jonathan.rosenne at gmail.com
Thu Mar 26 00:14:10 CDT 2015
“It's still a HEH, it just looks like another letter, right?” Wrong. It’s a QOF. Just like the p in receipt is a p. Unicode should not concern itself with the reasons words are spelt the way they are spelt.
From: Unicode [mailto:unicode-bounces at unicode.org] On Behalf Of Mark E. Shoulson
Sent: Thursday, March 26, 2015 4:31 AM
To: unicode at unicode.org
Subject: Avoidance variants
So, not much in the way of discussion regarding the TETRAGRAMMATON issue I raised the other week. OK; someone'll eventually get to it I guess.
Another thing I was thinking about, while toying with Hebrew fonts. Often, letters are substituted in _nomina sacra_ in order to avoid writing a holy name, much as the various symbols for the tetragrammaton are used. And indeed, sometimes they're used in that name too, as I mentioned, usages like ידוד or ידוה and so on. There's an example in the paper that shows אלדים instead of אלהים. Much more common today would be אלקים and in fact people frequently even pronounce it that way (when it refers to big-G God, in non-sacred contexts. But for little-g gods, the same word is pronounced without the avoidance, because it isn't holy. It's weird.)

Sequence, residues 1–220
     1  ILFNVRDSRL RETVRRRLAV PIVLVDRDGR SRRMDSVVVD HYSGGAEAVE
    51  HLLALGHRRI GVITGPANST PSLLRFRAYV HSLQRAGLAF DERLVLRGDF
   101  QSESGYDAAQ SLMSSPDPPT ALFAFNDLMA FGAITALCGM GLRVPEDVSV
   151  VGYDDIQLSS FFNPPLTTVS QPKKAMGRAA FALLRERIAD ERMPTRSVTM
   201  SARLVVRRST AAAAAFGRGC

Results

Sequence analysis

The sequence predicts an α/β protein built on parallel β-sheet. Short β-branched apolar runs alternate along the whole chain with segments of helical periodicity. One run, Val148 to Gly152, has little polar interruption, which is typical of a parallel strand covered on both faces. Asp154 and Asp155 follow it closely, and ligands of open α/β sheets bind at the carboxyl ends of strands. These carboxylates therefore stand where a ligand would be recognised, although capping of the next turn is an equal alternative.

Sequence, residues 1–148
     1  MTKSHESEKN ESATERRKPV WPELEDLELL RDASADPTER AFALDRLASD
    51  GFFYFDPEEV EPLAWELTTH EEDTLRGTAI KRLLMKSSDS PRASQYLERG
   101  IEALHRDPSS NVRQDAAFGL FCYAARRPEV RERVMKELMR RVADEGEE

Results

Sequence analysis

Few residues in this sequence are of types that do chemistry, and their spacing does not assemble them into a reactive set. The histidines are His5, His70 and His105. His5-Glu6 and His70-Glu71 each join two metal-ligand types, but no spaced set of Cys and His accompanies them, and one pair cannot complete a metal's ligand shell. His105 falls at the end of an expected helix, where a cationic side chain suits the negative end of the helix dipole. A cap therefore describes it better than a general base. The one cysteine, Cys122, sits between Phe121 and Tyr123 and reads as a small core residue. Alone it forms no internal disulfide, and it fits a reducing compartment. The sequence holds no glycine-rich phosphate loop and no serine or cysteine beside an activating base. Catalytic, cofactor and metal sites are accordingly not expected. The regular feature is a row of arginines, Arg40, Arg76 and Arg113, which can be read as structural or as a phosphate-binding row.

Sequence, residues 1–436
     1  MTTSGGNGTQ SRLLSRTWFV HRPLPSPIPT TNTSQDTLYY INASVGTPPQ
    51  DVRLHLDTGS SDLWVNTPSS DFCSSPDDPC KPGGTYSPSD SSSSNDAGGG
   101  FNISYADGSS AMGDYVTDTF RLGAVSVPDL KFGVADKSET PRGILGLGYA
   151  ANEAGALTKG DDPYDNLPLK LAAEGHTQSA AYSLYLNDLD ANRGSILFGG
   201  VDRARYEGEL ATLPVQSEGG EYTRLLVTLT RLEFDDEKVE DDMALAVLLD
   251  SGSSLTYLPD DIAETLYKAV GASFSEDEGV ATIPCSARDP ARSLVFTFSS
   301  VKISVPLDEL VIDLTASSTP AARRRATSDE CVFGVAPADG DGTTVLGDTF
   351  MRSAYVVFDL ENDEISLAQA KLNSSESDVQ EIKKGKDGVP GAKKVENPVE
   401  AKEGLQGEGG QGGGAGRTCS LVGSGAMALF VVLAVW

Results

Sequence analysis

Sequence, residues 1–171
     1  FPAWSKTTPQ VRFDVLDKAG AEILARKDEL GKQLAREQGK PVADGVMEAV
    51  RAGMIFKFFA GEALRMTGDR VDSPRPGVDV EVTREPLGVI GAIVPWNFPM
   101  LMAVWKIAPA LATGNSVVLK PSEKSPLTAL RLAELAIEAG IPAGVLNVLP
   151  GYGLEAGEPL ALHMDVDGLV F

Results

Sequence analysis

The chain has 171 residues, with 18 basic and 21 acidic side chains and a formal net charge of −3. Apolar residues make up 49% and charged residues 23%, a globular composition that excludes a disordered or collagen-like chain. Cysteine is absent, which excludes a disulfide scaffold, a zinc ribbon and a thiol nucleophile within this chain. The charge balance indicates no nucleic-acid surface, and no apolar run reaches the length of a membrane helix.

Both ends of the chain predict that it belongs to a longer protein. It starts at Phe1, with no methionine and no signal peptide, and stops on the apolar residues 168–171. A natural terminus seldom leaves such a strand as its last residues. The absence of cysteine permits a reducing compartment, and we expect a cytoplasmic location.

I wonder if it makes sense maybe to encode not a codepoint, but a variant sequence(s) to represent this sort of "defaced" or "altered" letter HEH. It's still a HEH, it just looks like another letter, right? (QOF or DALET or occasionally HET) That would keep some consistency to the spelling. On the other hand, the spelling with a QOF is already well entrenched in texts all over the internet. But maybe it isn't right. And what about the use of ה׳ or ד׳ for the tetragrammaton? Are they both HEHs, one "altered", or is one really a DALET? Any thoughts?
(and seriously, what to do about all those tetragrammaton symbols?)
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